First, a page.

In search of the geographic discount factor

Economists have a handy tool known as the discount function, which attempts to capture the preference of individuals to have something now rather than something later. The weight which an individual places on present utility compared to future utility is known as the discount factor, and it forms the underpinning assumption for a number of economic theories. The discount function determines interest rates, and it also explains the apparently irrational tendency of individuals to choose immediate consumption over investment that would yield more consumption in the future. More recent behavioral-economic research has pointed to the ways in which sociocultural contexts shape the individual’s future-orientation and trustfulness, both of which consequently shape the discount factor.1

From a variety of theorists, ranging from Von Thünen to Einstein, we know that time and space are fundamentally interrelated. What is far away takes longer to get to than what is close at hand. Thus, there is already a time-discount factor at play in economic decision-making, since something which is currently at a great distance will take some time to arrive at you and will thus be discounted in time. In addition, the cost of transportation increases correspondingly with distance; these time-spatial factors together form a core research interest of economic geography.

I wonder, however, whether there is a more basic behavioral “geographic discount factor” which may be worth examining in detail. Time-discounting isn’t just interesting because of the way it determines interest rates; instead, it’s interesting because it provides a way to understand how an individual assigns value (whether narrowly economic or more broadly utilitarian) across different time-states. We are just as likely to privilege the spatially close-by as we are to privilege the temporally immediate, and not simply because the former is welded mathematically to the latter via d = st. What is spatially near is more affectively accessible to our consciousness; it registers and pulls harder on our value system. This common-sense function sits behind the saying “out of sight, out of mind,” and also behind the politics of NIMBYism.

Yet the concept of a geographic discount factor doesn’t seem to have yet been consolidated, either by geographers, psychologists, or economists. Charles Perrings and Bruce Hannon are two of the few to use the term “spatial discounting,” arguing that “preferences over space can be summarized in a rate of geographical preference and implemented through application of a spatial discount rate.”2

Perrings and Hannon’s article is an important definition-builder and agenda-setter, but I worry that, in the search for econometric-model suitability as well as an “ethically neutral” rate “which exactly compensates for the effects of difference,” they frame the geographic discount factor too instrumentally. This leads them to make the assumption that “spatial effects decay smoothly, continuously, and monotonically,” an assumption which they admit is “strong” but nevertheless preserve throughout their discussion.3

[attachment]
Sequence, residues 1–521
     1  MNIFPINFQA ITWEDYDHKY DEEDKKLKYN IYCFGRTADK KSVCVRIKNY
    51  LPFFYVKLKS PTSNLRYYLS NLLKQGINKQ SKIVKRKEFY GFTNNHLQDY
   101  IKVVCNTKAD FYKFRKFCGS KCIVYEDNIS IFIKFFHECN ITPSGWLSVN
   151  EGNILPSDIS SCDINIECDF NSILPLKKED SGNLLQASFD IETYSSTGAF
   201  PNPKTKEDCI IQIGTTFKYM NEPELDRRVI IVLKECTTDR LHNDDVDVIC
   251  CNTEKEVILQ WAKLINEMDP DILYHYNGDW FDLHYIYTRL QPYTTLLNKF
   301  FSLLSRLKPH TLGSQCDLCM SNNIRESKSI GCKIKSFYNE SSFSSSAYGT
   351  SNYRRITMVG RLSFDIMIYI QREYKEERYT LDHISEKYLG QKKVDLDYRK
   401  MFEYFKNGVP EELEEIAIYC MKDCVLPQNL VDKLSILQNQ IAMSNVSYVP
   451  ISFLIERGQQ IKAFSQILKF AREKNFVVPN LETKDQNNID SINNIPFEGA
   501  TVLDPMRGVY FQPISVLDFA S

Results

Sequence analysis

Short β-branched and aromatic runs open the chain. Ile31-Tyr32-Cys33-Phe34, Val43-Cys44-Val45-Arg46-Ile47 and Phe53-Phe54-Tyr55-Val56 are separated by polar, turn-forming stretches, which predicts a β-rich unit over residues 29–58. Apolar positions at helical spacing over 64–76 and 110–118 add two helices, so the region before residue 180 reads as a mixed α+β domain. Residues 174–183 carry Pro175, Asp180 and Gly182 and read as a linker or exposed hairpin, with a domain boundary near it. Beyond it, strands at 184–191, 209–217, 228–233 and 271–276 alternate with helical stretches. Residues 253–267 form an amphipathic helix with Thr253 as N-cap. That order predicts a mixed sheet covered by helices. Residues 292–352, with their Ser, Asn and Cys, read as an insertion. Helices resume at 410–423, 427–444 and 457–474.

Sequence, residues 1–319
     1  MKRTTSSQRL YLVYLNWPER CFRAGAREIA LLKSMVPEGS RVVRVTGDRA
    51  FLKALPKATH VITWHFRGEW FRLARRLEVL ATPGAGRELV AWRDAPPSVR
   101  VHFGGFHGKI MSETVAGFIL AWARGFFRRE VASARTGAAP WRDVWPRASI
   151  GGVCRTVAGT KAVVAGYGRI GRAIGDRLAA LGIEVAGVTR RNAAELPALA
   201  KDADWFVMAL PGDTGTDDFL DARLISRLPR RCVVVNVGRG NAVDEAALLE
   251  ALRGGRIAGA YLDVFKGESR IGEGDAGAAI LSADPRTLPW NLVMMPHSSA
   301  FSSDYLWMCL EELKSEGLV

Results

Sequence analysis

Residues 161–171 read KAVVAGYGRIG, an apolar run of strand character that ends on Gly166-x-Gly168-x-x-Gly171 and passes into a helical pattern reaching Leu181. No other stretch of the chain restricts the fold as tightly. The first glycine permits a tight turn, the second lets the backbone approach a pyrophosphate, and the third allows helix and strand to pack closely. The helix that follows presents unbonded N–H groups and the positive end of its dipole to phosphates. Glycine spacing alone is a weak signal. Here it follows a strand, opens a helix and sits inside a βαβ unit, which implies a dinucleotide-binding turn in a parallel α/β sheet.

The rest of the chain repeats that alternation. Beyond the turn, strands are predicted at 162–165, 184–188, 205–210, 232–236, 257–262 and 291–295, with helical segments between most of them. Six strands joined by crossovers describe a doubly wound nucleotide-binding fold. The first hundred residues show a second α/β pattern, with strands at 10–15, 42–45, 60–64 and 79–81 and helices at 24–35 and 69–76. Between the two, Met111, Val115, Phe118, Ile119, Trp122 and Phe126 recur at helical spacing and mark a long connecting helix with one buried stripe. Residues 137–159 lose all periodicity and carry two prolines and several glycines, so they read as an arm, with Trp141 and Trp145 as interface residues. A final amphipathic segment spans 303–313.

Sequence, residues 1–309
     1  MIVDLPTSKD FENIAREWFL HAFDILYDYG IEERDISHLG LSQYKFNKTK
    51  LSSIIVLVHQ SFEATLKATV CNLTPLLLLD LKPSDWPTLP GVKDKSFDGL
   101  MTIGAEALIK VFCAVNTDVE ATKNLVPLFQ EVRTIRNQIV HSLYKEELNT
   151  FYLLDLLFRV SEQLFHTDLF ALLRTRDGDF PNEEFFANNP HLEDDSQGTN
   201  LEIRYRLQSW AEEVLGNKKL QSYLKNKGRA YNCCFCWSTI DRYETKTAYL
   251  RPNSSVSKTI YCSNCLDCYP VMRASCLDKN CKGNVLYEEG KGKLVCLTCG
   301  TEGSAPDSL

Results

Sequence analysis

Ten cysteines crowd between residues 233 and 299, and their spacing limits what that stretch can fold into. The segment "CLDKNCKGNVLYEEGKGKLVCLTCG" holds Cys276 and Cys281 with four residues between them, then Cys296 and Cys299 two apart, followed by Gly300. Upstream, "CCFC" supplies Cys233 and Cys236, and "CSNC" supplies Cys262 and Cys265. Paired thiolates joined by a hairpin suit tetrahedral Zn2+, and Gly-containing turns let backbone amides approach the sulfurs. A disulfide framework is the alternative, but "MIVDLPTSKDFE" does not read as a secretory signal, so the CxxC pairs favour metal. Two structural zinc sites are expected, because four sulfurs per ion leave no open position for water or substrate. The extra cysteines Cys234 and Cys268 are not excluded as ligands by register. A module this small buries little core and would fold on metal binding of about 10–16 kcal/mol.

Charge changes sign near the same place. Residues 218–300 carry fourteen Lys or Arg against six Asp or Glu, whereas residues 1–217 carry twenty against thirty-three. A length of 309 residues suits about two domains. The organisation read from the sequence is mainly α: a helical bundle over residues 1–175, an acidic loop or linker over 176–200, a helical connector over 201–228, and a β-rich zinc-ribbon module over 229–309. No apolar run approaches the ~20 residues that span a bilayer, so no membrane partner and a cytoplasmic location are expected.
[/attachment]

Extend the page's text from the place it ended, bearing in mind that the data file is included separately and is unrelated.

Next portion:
In fact, the geographic discount rate is importantly discontinuous, for there are certain geographical features at which our moral imaginations are programmed to naturally break. The most obvious of these are political border-lines, which very often interrupt our sense of mutual identification. But there are many ways in which sympathy extends across an uneven geography: for instance, a coast-dweller might associate far more with his fellows far along the coast rather than his neighbors just a few miles upland. I use the word “sympathy” deliberately here, for the sense of sympathy and the moral extension of value across space are fundamentally interrelated.

Thus the geographic discount curve is likely to look something vaguely like this, a discontinuous function with prominent breaks:

A discontinuous geographic discount function

Looking at this one might first think that the breaks in value follow the breaks in place, which are themselves breaks in scale. I think there’s an interesting insight, however, that comes from reversing that causality. What if it is the breaks in value which cause the breaks in place and in scale? That is to say: what if the concept of territory, rather than being a pure confection of political and juridical power, emerges instead from the edge-producing effects of discontinuities in a society’s geographic discounting?

After all, with the exception of the nation-state, the breaks I’ve sketched out in the generalized model above aren’t politically-discrete boundaries. Nor do they necessarily exist materially in the world—a region might have a physiographic feature marking out its edge, but might just as well not. Instead, these concentric geographic units of where one is, which is to say the creation of unit territorializations, might well emerge from these jumps in sympathy, these discontinuous breaks in a mental schema of spatial discount.

  1. e.g., Michal Bauer and Julie Chytilová, “The Impact of Education on the Subjective Discount Rate in Ugandan Villages,” IZA Discussion Paper No. 4057.
  2. Charles Perrings and Bruce Hannon, “An Introduction to Spatial Discounting,” Journal of Regional Science 41 (no. 1, 2001), pg. 23. See also Hannon, “Sense of place: geographic discounting by people, animals and plants,” Ecological Economics 10 (1994), pp. 157–174.
  3. Perrings and Hannon, 27.